Caused by: java.net.BindException: Address already in use: bind 

You got then to verify if any software is using the WildFly default ports, such as 8080 and 9990 (idem for the shifted ports using offset). If you are using the default standalone.xml as configuration file for your WildFly instance, open it and scroll it down till you reach the Socket Binding Groups:

In this section, you will find all the ports used by your WildFly 9 instance. You can use CurrentPort tool to kill the responsible process. If you see that process is important for you, then define different offset for WildFly.

As for WildFly 9.0.2.Final , the default ports without offset are : 9990, 9993, 8009, 8080, 8443, 4712, 4713.

1.3. Maven 3

Go to the task “Windows” > “Preferences” > “Maven” > “Installations” > “Add”, then browse to the directory where you extracted Maven that you downloaded.

Then go to “Windows” > “Preferences” > “Maven” > “User Settings”. For me I keep it simple and for both “Global Settings” and “User Settings” I browse to the Maven installation directory and then to the relative subdirectory \conf where I select the file settings.xml. You can optionally change the default maven repository by adding this line under <settings> tag :


2. Maven Configuration

2.1. Compilation Java Version

Setting Java Compiler Version for every project

For every project in our solution you must specify the Java Compiler version by adding to the build description this plugin in pom.xml :

2.2. The Age of Annotations

People who are working on the new Java EE specifications apparently don’t like much XML. So they tend to replace it by Annotations. However, an XML file wins over Annotations. That means if you describe something in a standardized XML file and conflict it using Annotation, it’s the XML description which will be taken into consideration.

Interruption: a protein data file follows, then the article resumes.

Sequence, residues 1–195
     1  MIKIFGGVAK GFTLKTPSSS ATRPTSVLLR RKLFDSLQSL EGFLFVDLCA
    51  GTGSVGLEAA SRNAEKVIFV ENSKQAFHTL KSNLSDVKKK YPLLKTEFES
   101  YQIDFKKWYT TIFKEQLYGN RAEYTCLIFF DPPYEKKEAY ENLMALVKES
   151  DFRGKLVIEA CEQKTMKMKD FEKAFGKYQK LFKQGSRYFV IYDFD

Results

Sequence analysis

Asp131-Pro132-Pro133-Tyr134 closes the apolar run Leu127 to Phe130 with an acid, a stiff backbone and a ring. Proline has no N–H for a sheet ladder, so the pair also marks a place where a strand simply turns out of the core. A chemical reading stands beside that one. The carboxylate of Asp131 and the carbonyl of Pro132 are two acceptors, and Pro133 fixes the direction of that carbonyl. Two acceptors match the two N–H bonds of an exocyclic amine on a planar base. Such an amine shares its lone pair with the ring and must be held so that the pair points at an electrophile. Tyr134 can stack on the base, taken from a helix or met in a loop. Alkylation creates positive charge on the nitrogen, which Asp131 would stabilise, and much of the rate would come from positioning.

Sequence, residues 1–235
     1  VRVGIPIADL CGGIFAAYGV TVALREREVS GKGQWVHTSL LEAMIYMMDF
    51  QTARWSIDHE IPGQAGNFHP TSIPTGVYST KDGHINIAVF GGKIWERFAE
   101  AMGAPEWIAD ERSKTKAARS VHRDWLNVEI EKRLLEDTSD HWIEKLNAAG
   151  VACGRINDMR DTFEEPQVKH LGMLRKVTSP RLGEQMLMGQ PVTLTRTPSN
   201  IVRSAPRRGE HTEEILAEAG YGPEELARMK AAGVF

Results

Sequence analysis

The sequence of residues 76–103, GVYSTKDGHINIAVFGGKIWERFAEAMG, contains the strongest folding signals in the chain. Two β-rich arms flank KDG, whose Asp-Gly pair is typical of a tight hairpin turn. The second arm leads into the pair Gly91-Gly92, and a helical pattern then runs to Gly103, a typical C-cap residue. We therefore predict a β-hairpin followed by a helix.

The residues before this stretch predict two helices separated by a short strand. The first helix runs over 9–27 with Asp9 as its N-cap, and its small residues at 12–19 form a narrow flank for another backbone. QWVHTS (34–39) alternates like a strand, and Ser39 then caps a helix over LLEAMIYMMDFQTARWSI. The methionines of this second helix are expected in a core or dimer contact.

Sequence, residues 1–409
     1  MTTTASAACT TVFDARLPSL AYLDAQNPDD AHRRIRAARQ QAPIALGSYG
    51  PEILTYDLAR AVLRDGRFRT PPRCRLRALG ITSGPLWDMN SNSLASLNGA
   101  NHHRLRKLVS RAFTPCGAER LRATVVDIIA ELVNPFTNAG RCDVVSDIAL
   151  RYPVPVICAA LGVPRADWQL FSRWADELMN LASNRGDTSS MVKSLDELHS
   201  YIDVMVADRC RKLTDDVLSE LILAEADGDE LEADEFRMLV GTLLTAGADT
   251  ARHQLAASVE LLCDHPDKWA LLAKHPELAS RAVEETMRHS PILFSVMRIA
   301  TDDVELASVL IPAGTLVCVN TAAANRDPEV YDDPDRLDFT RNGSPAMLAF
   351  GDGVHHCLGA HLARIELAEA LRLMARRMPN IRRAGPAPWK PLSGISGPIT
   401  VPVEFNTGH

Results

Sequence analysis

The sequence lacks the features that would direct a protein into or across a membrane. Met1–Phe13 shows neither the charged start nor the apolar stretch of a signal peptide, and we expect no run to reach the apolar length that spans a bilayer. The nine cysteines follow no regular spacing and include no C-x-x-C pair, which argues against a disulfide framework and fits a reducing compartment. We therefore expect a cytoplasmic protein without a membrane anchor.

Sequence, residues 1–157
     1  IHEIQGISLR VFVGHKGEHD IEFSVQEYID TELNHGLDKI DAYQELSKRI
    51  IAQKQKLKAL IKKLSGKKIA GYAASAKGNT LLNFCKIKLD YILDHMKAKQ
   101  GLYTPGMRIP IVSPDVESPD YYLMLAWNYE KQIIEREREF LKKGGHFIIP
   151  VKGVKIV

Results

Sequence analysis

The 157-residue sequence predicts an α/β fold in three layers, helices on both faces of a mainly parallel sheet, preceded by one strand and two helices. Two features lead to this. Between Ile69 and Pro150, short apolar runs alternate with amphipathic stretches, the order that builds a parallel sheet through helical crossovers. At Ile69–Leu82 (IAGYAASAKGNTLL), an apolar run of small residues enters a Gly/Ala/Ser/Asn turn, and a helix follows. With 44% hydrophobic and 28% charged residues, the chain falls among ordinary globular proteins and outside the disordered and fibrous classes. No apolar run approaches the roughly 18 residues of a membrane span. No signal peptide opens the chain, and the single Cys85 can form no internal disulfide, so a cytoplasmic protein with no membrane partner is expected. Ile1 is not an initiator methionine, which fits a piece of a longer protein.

However, sometimes Annotations sound just like “hardcoded” settings, mixed in Java classes, not externalized in XML files…

2.2.1. No more web.xml required

One of those standardized XML files is web.xml whose default location in a mavenized project is src > main > webapp > WEB-INF. Once the WAR project packaged, it will be under /WEB-INF. But, since Servlet Specification 3.0 we don’t need web.xml anymore.

But if we create a WAR project, we see Maven still doesn’t like a web application without a web.xml showing this error:

failOnMissingWebXml - Maven Configuration Error

So, let’s just get rid of it and add this Maven Plugin into build section of pom.xml for every WAR project we create :

Following that, you would get this error :

Maven-Update

So just right click on your project and click on option “Maven > Project Update”. Do it every time you get such error.

Remark : In case you forgot to set the Java Compiler Version, you would get this error :

Maven Java EE Configuration Error - Java Version

2.2.2. No more ejb-jar.xml required

Since EJB 3.0, no more ejb-jar.xml required for declaring the EJBs. That was replaced by Annotations. However, you still can use, for example if you want to override the EJB module name. By default it is the JAR/War name without extension, in our case it is : ejb3-server.

2.3. Maven Dependency for Supporting EJB 3.2

Now the good news are… to add EJB 3.2 support for our project we do need only one single dependency in our pom.xml :

Here we have highlighted 2 important lines.

For the scope, we don’t want to add the artifact javaee-api into the WAR file ejb3-server-war because we are expecting it to be provided by our EJB Container WildFly. The good thing is that the application server WildFly has full support of Java EE 7 since its version 8.0.0.Final. That is why we could use version 7.0.

Try to expand javaee-api-7.0.jar in Eclipse, here they are the EJB related packages :

Java EE JAR content and EJB 3 packages

Sure this JAR brings us more awesome things :p such as web service annotations…

Let’s make sure that our WildFly will provide us by EJB 3.2 classes,… and here you are :

If we check the content jboss-ejb-api_3.2_spec-1.0.0.Final.jar we will find the same packages :

EJB API provided by Wildfly

 


Did you like the article? Have you got a question? Do you need more details? Put it in a comment.
If no questions, then move to the next tutorial about  Session Beans.
Good luck learning EJB 3!